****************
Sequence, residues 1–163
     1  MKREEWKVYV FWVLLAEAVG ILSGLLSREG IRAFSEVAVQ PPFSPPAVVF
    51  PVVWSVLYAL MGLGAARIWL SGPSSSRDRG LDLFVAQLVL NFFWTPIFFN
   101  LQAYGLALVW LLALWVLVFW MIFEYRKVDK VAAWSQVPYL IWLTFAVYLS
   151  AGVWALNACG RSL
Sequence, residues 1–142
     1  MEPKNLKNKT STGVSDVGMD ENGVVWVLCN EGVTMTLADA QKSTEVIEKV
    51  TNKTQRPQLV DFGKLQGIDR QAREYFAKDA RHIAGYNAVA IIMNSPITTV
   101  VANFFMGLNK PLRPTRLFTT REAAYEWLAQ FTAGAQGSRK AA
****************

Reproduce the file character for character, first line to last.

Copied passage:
Sequence, residues 1–163
     1  MKREEWKVYV FWVLLAEAVG ILSGLLSREG IRAFSEVAVQ PPFSPPAVVF
    51  PVVWSVLYAL MGLGAARIWL SGPSSSRDRG LDLFVAQLVL NFFWTPIFFN
   101  LQAYGLALVW LLALWVLVFW MIFEYRKVDK VAAWSQVPYL IWLTFAVYLS
   151  AGVWALNACG RSL
Sequence, residues 1–142
     1  MEPKNLKNKT STGVSDVGMD ENGVVWVLCN EGVTMTLADA QKSTEVIEKV
    51  TNKTQRPQLV DFGKLQGIDR QAREYFAKDA RHIAGYNAVA IIMNSPITTV
   101  VANFFMGLNK PLRPTRLFTT REAAYEWLAQ FTAGAQGSRK AA